Ofsted, SEND

Ofsted plans expansion of area SEND inspections to include all pupils in AP

Ofsted special school


Ofsted plans to “broaden the scope” of its area SEND inspections to look at support for all pupils in alternative provision, amid warnings that the pandemic has exacerbated issues for some of the most vulnerable children.

Chief inspector Amanda Spielman said the “intertwined” nature of commissioning and response strategies for SEND and AP provision meant beefed up inspections could support local areas to “think strategically about how these two important parts of the education system can work together effectively”.

It comes as the watchdog published research warning that children and young people with SEND have been disproportionately affected by the Covid-19 crisis.

The report described parents quitting their jobs to care for their children as existing weaknesses in the SEND system were exacerbated by the pandemic.

In commentary accompanying the report, Spielman said children with SEND were “now even further behind their peers” as a result of Covid-19.

Others are “at risk of being wrongly labelled as having SEND simply because they are struggling following extended periods away from their education setting”. But there is also a “greater risk” that some children “may have new or different needs that have not been identified because they have not been ‘in sight’ of education, health and care professionals”.

SEND area inspections are carried out jointly by Ofsted and the Care Quality Commission (CQC). The inspections assess provision across local authority areas, but currently only look at AP for pupils with SEND.

Amanda Spielman Ofsted‘New framework for a new era’

During the pandemic, Ofsted and the CQC have been designing a new framework for the inspections to “drive improvement at this critical moment”.

While full proposals will be set out in a formal consultation ahead of the framework’s launch, Spielman today revealed the most significant changes planned.

These include broadening inspections to include all children in AP rather than just those with SEND, as well as driving improvement through new inspections, and to “focus more sharply” on the impact of SEND arrangement on children.

Spielman said that as a high proportion of children in AP have SEND, areas’ “response and commissioning strategies for AP and SEND are also likely to be intertwined”.

Ofsted’s research found that leaders of both special schools and AP were concerned about pupils becoming “more involved in criminal exploitation, including gang violence, and child sexual exploitation”.

In some special and AP settings, pupils were “unable to return to school because their transport – taxi or minibus – was not in place.

Ofsted Plans for ‘continuous cycle of inspections’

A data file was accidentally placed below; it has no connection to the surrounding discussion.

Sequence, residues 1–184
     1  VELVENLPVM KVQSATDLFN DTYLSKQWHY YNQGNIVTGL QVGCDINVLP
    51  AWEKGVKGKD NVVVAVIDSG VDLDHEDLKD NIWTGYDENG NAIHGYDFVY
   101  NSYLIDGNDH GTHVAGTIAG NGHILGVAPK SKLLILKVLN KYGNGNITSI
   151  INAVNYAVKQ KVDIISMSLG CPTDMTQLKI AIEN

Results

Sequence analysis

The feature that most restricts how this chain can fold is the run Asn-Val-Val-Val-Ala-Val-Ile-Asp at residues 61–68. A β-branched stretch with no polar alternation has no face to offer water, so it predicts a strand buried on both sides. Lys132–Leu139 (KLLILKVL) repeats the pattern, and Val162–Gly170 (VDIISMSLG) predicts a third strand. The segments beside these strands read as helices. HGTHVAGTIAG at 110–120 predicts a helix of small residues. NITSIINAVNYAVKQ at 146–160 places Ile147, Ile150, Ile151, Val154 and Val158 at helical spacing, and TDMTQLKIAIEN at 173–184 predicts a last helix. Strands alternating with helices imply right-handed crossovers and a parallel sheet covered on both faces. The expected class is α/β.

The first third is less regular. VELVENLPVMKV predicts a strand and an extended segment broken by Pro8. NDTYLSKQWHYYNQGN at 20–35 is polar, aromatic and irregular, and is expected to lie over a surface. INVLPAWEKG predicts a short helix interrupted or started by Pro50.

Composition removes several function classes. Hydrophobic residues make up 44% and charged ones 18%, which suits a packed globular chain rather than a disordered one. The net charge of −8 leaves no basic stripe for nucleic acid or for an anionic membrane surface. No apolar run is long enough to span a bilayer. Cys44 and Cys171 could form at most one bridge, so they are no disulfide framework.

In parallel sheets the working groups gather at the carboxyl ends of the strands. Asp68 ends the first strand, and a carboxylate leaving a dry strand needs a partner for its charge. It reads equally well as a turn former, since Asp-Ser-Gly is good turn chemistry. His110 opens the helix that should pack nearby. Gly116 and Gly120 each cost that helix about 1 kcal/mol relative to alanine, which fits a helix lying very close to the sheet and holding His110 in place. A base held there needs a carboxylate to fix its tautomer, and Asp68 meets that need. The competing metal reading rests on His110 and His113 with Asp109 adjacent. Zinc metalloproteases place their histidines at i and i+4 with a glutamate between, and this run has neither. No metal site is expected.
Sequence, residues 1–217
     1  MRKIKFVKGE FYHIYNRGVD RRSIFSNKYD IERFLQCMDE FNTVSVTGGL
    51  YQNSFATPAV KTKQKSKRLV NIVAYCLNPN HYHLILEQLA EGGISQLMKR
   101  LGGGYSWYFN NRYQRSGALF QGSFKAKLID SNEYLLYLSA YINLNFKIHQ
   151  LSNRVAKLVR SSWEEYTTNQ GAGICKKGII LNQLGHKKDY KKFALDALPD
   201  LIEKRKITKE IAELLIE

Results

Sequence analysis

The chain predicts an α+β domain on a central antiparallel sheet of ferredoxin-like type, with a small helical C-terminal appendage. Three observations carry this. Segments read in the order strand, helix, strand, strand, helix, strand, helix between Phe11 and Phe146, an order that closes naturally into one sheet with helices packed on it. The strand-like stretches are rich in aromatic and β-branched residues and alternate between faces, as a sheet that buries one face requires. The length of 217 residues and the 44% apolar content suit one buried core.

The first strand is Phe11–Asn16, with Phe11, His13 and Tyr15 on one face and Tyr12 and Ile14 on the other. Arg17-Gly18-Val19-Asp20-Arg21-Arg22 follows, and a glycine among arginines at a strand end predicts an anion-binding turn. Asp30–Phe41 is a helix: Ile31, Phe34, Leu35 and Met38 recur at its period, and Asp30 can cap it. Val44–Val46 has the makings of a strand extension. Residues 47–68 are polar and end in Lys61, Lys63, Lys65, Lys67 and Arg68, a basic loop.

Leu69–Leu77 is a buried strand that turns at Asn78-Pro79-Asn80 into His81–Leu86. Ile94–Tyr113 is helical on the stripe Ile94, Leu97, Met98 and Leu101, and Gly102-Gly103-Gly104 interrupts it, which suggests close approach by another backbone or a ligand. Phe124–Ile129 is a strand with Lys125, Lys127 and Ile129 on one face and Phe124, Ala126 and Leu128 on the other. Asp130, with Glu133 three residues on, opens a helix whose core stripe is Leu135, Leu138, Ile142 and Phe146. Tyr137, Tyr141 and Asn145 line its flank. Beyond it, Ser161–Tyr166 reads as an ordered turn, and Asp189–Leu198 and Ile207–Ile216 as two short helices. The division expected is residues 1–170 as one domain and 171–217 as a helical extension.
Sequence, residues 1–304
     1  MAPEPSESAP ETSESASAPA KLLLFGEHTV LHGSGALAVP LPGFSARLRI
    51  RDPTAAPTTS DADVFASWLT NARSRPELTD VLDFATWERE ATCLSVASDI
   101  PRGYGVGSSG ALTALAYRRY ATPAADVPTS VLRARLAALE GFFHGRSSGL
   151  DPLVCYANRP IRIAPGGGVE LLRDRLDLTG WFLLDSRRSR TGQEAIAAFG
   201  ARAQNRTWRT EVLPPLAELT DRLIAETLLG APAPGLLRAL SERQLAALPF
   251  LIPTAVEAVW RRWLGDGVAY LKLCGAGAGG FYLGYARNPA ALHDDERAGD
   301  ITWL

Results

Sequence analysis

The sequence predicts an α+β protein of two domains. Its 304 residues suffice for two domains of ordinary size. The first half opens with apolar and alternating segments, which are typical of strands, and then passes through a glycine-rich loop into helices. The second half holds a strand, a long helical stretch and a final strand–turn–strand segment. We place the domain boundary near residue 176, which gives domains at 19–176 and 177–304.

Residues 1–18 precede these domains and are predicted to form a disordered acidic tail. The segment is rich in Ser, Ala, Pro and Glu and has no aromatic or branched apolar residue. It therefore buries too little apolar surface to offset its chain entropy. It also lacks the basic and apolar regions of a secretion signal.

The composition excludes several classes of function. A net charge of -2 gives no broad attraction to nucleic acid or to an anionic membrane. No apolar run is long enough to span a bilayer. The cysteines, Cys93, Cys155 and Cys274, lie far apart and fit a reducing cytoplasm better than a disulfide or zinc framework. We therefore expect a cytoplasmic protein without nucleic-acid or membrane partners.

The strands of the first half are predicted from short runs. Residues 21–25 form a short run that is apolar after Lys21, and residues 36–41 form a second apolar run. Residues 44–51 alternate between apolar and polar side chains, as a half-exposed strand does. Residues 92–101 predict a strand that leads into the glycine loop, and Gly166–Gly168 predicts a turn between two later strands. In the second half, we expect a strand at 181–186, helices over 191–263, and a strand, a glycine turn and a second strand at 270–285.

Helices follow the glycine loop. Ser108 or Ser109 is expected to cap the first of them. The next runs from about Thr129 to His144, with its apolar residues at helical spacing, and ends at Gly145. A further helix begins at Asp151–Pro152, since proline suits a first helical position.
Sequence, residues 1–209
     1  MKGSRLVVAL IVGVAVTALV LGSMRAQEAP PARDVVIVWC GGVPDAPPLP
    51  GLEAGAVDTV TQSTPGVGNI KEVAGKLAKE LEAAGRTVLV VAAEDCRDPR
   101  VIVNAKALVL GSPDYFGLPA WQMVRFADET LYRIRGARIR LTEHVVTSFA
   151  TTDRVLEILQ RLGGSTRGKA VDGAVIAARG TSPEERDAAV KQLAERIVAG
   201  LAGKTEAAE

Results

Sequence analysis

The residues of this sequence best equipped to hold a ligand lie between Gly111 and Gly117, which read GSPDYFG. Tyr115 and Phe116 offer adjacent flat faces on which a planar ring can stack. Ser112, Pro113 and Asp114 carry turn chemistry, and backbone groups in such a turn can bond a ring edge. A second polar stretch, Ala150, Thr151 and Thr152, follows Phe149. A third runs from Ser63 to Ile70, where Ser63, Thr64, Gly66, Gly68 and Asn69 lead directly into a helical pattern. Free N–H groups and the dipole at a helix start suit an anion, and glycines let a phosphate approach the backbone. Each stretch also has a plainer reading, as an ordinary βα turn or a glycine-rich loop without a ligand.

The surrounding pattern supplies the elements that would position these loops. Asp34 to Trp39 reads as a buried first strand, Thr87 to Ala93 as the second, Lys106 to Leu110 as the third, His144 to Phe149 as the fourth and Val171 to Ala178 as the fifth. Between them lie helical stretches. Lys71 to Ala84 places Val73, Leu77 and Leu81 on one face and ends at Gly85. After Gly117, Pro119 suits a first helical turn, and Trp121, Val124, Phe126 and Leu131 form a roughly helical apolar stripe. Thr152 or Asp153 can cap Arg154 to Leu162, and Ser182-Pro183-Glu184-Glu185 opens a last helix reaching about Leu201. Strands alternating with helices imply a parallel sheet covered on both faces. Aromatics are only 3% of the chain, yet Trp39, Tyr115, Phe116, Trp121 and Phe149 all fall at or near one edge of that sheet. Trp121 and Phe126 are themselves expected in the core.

The chief inspector said designing inspections and judgments which drive improvement was a “priority”.

Ofsted plans to “establish a continuous cycle of inspections” which complement’s existing probes of local children’s services.

She added these plans would allow a “proportionate approach to inspection”. The “next step” for the watchdog is to “design and test how we will gather evidence about the impact of leadership and practice”.

“Our main aim will be to evaluate and judge local areas based on whether they make sustained and significant improvement for children, young people and their families.”

Ofsted’s first SEND framework was designed to support reforms brought in in 2014. But Spielman said that now the reforms had been implemented, “we want our inspections to help local areas make the greatest possible difference for children and their families”.

The new framework will focus on three specific features: strategic leadership, quality of practice and sustained improvement.

Findings and recommendations from Ofsted research

Ofsted’s research report is based on area SEND inspections conducted last autumn and this spring.

The latter visits found families were “exhausted, even despairing” as they were still unable to access essential services for their children.

The watchdog found that during the autumn term, important healthcare such as physiotherapy ceased, leaving some children immobile and in pain. Respite provision for families had also been unavailable.

A survey of nearly 1,500 parents found 55 per cent of SEND children weren’t receiving any therapies – compared with just 42 per cent who were.

Furthermore 40 percent of parents said their child was unable to engage with remote learning during the pandemic.

By the third lockdown, “life had become more difficult over time” for many, as problems identified in the autumn such as a lack of health and care provision, inconsistent provision from schools and long waiting times for assessments continued.

Ofsted also identified a lack of clarity between organisations about “who is responsible and accountable within local area SEND systems”, a lack of joint working across education and health care, as well as “significant inconsistencies in how SEND is identified”.

The report recommended more accessible universal services, more accurate identification of when children need targeted support and “a greater sense of joint responsibility between partners in a local area”.

Pattern of problems is well-known

The problems identified in the research have been raised before by the inspectorate.

In May, updated statistics found the poorest areas of England were “most likely” to have “significant weaknesses” in their SEND provision. More than half of inspections found “significant concerns about how effectively the local area was meeting its duties” .

A ‘Supporting SEND’ report followed the same month which warned some SEND pupil were not receiving “enough help” in mainstream schools, even with specialist support.



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